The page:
Surprise! They Don’t Care!

I have been in education for about 22 years and have worked as a paraprofessional for the last four years. I certainly should not be surprised when students respond with indifference to the things I consider important. I realize some students come to school burdened with life issues and, of course, those need to be addressed. But there are many, many students who come to school less encumbered and more apt to be ready to learn. Those are the ones that baffle and, to be honest, frustrate me. All the creative, innovative motivational strategies sometimes just fall flat, much to my disappointment. If they only knew how much energy and thought we put into our lesson plans! When students’ attitudes start to influence my attitude in the wrong way, I have to go back to the basics.

1. Remember to Meet Their Needs

I can’t help but notice that many students sit in class expecting to be “entertained” or, worse, put to sleep. One of my fondest education professors said, “Teach to the need of the student.” Find out what their need is, then teach to that need. We have various resources, methods, strategies, and approaches we can thankfully utilize, but this presumes we know what the student’s basic educational need truly is. Use your subject to address their need. Can’t read? Use that history lesson to teach them to read. Not easy to do, but it is a place to start. Sometimes we overcomplicate the basics.

2. Remember, They Are Young

After one especially frustrating fifth-grade class marched out of my computer class, I mumbled my complaint about their contrary attitudes to their homeroom teacher. His comment stopped me cold. He told me to “remember they are only ten years old.” Yes, I knew that, but I had not weighed the reality of it. A decade, only a decade, had some of these kids lived. My life was, well, many decades into adulthood. That statement has become my reply when irritation assaults my attitude. Although some children grow up way too fast, many lack true maturity.

3. Remember, Patience and Grace Are Virtues

I am more traditional, so change is not always easy for me. However, I am willing to try new things. If students’ indifference is a result of something I can change, why not change? Most kids respond to a good story. Jokes can also crack kids predisposed to disregard anything remotely resembling instruction. We all have been trained in differentiated instruction, but the process of determining which approach works with which student requires patience and extreme grace on our part. Often, however, the long suffering is worth it. I have to remind myself that I am learning about my students and must be willing to adjust, when appropriate, to their learning style.

4. Remember to Care, Even if They Appear Not to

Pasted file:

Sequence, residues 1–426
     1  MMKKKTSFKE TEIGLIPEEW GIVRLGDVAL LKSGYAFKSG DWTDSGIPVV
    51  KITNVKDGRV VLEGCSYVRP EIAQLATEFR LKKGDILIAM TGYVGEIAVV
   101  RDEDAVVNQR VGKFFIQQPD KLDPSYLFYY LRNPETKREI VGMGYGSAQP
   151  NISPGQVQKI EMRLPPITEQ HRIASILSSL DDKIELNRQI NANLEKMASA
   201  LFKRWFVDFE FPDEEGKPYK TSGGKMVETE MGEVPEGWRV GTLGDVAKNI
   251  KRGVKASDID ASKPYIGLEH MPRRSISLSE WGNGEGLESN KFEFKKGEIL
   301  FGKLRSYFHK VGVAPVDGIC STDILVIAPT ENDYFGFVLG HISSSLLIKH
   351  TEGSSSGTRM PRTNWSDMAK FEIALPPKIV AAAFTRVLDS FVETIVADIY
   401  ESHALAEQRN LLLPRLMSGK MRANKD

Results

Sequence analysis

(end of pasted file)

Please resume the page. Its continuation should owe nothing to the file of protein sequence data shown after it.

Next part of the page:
I am involved in technology, and the tendency to become robotic exists simply because I work with machines. I have to counteract the inclination to become stiff and distant. I have to remember not only that my students are about a decade old but also that technical button-pushing fixes are seldom part of their ability to acquire real knowledge.

Compassion and genuine concern originate from our hearts. It is probably the reason we became teachers in the first place. It is sad that this sensitivity is many times swept to the sidelines by the more urgent deadlines and requirements imposed upon educators. Stand at your door in the morning and welcome your students to class by name, praise good work, remember their birthdays, and surprise the class from time to time with simple treats or little celebrations. Students respond more positively to honest interest and kindness, especially those that challenge our earnest goodwill. It helps to put on a more mellow demeanor now and again.

5. Remember, Change Begets Change

This is a hard lesson of life. I could never really understand why I had to change before a situation or another person might change. Why couldn’t we just change the situation or the other person? Gloriously, sometimes that can happen. Unfortunately, however, life and people are not that simple. There is no substitute for straightforward self-assessment. Self-assessment requires honesty and, with the consultation of trusted colleagues, it will change you, and your students will benefit. When I positively alter something in my teaching style or my response or reaction to a student, I notice that they change, too. I am sure we have all observed that one lesson we are so excited and passionate about move through the class like an airborne contagion. Whatever is given out returns. Counteract indifference with a persuasive and determined positive attitude. Someone just might latch onto it and cause an epidemic transformation.

So, what do you do when your students don’t appear to care about your lesson? Go back to the basics. Remember:

  • Uncomplicate the complicated
  • Immaturity often masks as a poor attitude
  • Be patient, extend grace
  • Compassion opens hearts and minds
  • Change what can be changed

How do you keep students engaged? Share your own tips in the comments below.

Kay Deckerhoff graduated from the University of South Florida in Tampa, Florida, and is a certified elementary school teacher. She and her husband have two grown children, who are both graduates of Texas A&M. Kay is a computer paraprofessional at AR Turner Elementary in Willis, Texas. She was the recipient of the 2016 ATPE Associate Educator of the Year Award.

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